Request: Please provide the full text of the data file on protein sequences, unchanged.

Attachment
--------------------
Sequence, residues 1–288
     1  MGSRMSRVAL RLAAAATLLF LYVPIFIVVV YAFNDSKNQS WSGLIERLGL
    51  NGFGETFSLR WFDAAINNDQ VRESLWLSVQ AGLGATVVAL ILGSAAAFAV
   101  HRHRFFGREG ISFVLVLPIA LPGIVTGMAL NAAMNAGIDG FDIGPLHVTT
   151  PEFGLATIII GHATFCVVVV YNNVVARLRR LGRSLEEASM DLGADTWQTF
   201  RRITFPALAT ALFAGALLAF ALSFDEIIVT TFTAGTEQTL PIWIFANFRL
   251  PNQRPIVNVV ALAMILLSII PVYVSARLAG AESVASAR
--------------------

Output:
Sequence, residues 1–288
     1  MGSRMSRVAL RLAAAATLLF LYVPIFIVVV YAFNDSKNQS WSGLIERLGL
    51  NGFGETFSLR WFDAAINNDQ VRESLWLSVQ AGLGATVVAL ILGSAAAFAV
   101  HRHRFFGREG ISFVLVLPIA LPGIVTGMAL NAAMNAGIDG FDIGPLHVTT
   151  PEFGLATIII GHATFCVVVV YNNVVARLRR LGRSLEEASM DLGADTWQTF
   201  RRITFPALAT ALFAGALLAF ALSFDEIIVT TFTAGTEQTL PIWIFANFRL
   251  PNQRPIVNVV ALAMILLSII PVYVSARLAG AESVASAR